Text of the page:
When it comes to guns and seemingly never-ending senseless mass shootings in America, popular podcaster Joe Rogan gets it, as seen in a recent episode of “The Joe Rogan Experience,” where he talked about a previous stance he took that America has a mental health problem, not a gun problem.
In 2013, Rogan tweeted: “This country has a mental health problem disguised as a gun problem and a tyranny problem disguised as a security problem.”
This country has a mental health problem disguised as a gun problem and a tyranny problem disguised as a security problem.
— Joe Rogan (@joerogan) January 27, 2013
Rogan was discussing the horrific Uvalde, Texas school shooting that resulted in 19 elementary school children and two adults being killed by a disturbed 18-year-old gunman, and he stressed that if you take away guns, criminals will end up being the only people who have them.
“It’s like, how do you stop that? No one knows how to stop that,” he said. “What is the answer? Is the answer to take everyone’s guns? Well, they’re not gonna give their guns up. Only criminals are gonna have guns. It’s not gonna be a good situation. Is the answer to make schools these armored compounds, where you have armed guards outside of every school? … Boy, that’s not something we want either.”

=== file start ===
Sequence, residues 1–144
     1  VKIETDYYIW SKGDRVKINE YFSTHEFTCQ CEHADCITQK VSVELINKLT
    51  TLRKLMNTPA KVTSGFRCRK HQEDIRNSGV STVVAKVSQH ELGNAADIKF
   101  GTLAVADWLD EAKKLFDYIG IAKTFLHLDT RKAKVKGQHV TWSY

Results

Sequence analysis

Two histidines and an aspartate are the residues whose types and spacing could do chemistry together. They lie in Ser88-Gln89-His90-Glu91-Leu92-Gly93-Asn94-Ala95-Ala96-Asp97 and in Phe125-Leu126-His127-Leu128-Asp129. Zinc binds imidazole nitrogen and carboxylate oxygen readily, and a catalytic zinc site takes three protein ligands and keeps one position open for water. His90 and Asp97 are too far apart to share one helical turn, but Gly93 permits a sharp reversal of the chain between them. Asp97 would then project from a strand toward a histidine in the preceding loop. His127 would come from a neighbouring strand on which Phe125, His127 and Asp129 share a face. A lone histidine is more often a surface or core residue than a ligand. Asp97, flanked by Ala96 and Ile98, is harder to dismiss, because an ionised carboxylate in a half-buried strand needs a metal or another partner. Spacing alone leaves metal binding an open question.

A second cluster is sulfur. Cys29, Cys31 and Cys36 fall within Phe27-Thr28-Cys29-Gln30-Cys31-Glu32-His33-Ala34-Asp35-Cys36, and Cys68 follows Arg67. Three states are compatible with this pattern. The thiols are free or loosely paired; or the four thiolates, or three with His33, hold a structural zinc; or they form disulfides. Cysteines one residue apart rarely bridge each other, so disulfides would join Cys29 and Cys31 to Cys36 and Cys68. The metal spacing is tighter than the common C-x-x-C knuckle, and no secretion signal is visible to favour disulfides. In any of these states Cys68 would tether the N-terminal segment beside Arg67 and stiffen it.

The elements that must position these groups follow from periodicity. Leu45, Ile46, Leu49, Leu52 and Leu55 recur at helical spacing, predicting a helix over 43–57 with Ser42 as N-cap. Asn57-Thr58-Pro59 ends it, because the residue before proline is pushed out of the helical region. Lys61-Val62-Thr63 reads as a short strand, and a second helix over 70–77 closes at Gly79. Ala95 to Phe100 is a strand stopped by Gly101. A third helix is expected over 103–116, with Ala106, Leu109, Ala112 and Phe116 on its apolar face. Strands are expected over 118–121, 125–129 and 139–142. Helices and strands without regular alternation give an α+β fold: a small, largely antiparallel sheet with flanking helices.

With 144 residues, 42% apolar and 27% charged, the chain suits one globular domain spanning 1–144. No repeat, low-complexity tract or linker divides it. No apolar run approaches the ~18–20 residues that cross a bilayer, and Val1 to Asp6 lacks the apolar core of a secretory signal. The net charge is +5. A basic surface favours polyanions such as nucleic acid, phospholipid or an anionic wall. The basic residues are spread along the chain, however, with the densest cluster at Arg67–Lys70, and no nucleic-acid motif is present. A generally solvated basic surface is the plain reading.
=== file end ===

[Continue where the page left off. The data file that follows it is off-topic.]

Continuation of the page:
Securing schools can involve much more than just armed guards, and when considering what can happen, armed guards are certainly the better option.
“I wrote this thing once that this country has a mental health problem disguised as a gun problem,” Rogan said. “And that’s what it is. There’s so many guns, there’s more guns than there are people. I don’t think it’s a gun situation and I don’t think you can change the fact that it’s — I don’t think it’s wise to take all the guns away from people and give all the power to the government.”
“We see how they are with an armed populace, they still have a tendency towards totalitarianism,” Rogan explained. “And the more increased power and control you have over people, the easier it is for them to do what they do. And it’s a natural inclination, when you’re a person in power, to try to hold more power and acquire more power.”
“There’s never an inclination to give more power back to the people. to give more freedom back to the people,” he continued. “Freedoms lost are rarely regained.”
The latter remark is a play on the famous words of Founding Father John Adams, who said in a letter to his wife, Abigail: “A Constitution of Government once changed from Freedom, can never be restored. Liberty, once lost, is lost forever.”
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